Sheri Tepper had died last week...she was a keystone of my speculative fiction reading in my twenties, and obliged just beautifully with her prolific writing. As an added bonus, my mother discovered her at the same time I did, so we could share the reading experience. Not every book was to my taste, but they were all interesting, and some I love. One of my favorites is The Family Tree (May 1997). And it is impossible to review the book without spoilers, so I shall start by saying that if you are at all interested in a scenario where nature starts fighting back against late stage capitalism, if you are at all interested in world building that involves very different races coexisting in (more or less peace), and if you are at all interested in books that cannot be reviewed without spoilers, because the moments of Realization are so stunning, then go read this book! There's also a murder mystery, and it's one of Tepper's funniest books--it makes me chuckle lots and lots. There's also a nice romance.
On the other hand, it's a two stories at once book, so you have to bounce between two entirely different sets of characters in two very different places.
I myself love love love the part of the story set in our world, which tells how nature decides to fight back against suburban sprawl, overpopulation, and the predations of goats on semiarid landscapes. Dora, the protagonist of this part of the story, decides toward the start of the book to leave her husband, Jared. The wonder of it is why she married him to begin with--it is not a real marriage in any sense of the word. The catalyst for her decision is a plant, one that attacks Jared when he tries to kill it, sending him to the hospital. Dora, on the other hand, has friendly feelings for the plant, and wishes it well (I like a character who says hi to plants). So she finds a place of her own (she's a police officer, so can afford independence), and when trees start coming up all over, blocking roads and trapping parked cars, and removing parking lots etc., Dora is taken aback, but doesn't feel threatened.
But then she is.
And in the meantime, there's a whole nother story going on at the same time, about a group of diverse inhabitants of another society (sort of medievally in feel) going on a journey to find answers to prophecies and dire warnings. The trees in this place are not growing every which way, but they have become strangly agitated; they feel a catastrophe is coming.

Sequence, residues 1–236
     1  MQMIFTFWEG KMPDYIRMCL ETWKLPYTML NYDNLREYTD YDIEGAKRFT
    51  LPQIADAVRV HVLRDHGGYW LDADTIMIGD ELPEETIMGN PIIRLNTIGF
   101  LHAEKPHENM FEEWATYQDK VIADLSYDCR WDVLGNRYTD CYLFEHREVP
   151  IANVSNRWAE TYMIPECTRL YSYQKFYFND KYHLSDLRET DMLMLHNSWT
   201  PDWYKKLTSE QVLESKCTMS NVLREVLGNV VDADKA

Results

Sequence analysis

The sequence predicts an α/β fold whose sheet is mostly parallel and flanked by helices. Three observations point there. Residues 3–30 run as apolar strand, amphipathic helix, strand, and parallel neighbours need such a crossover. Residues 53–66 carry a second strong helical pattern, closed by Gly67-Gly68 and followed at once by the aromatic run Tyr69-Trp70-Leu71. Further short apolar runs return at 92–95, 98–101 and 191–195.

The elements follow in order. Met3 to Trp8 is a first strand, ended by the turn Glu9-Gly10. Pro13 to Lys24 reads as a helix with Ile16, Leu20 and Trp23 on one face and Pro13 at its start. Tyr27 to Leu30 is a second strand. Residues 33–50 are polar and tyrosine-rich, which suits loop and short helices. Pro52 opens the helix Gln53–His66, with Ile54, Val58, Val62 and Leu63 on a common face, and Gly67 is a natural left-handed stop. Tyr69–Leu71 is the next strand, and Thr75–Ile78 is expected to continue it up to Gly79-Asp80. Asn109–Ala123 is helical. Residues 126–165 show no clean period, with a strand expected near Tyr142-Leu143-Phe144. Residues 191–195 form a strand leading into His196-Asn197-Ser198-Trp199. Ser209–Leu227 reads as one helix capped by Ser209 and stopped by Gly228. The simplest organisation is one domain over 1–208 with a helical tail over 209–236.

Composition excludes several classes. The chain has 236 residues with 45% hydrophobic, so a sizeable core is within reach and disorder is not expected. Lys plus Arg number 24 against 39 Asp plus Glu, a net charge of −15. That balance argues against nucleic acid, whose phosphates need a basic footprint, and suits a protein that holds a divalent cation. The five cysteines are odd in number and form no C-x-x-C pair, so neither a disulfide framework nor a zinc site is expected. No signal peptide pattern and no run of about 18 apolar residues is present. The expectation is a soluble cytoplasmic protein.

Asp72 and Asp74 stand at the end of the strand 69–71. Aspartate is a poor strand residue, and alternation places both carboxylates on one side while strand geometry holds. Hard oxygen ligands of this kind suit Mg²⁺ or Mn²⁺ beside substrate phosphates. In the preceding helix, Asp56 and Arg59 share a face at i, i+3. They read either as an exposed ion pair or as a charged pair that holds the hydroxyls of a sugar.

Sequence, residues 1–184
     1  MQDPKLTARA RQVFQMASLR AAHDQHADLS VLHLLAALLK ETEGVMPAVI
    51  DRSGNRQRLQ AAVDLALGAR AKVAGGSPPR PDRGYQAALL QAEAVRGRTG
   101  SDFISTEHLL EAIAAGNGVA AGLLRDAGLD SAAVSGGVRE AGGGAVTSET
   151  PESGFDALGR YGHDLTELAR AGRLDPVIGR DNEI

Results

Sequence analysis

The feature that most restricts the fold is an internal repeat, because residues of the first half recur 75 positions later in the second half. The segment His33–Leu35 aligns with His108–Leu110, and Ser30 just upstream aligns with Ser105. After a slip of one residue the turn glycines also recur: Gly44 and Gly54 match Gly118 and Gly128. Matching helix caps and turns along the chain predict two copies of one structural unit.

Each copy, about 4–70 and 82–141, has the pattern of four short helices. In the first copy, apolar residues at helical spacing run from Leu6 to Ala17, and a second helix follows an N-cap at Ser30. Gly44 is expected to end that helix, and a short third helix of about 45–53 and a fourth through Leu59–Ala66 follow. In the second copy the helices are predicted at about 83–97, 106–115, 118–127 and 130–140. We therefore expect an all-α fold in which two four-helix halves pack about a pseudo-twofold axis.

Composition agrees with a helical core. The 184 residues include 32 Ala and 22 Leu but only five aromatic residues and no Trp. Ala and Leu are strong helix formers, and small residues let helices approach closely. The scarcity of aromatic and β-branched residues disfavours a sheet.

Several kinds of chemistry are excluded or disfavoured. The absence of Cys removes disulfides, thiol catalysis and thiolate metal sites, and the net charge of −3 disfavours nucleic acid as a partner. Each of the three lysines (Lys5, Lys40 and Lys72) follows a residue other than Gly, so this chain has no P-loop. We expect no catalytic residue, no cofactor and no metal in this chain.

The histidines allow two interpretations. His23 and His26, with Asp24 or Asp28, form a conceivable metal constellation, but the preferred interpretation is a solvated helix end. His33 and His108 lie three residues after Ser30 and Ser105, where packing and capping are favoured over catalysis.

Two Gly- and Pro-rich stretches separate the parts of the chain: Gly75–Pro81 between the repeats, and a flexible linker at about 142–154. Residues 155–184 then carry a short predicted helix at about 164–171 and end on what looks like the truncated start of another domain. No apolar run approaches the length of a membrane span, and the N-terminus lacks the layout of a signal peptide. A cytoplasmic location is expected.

(mostly when I re-read I follow Dora's story straight through, because I like it better, but don't do this your first time reading because it will mess everything up, even it the non Dora story feels too stereotypically fantasy journey.....).
And then the two stories meet.
Spoilers not because I'm going to give everything away, but because the more about the book you know the more likely you are to guess things.
So you can stop reading now.
The meeting of the two stories involves time travel of a rather unexpected kind, and revelations that there were other stories going on in both places that are rather astounding.
The time travel mechanics are not explained, but simply exist to make the story possible. The time travel, with its concomitant issues of changes the past, and thereby changing the future, are central to the plot, but not so central to the story of the characters, like Dora, who have to cope with the time travel consequences and who have to try to keep the worst of them from happening. There is a villain who must be foiled...and a future of diverse peoples to be saved.
So in any event this is my most favorite of Tepper's books, and every time I read it I see more and more clues in her descriptions (and boy, is she careful and cunning!) that once you know what's happening make it even more fun.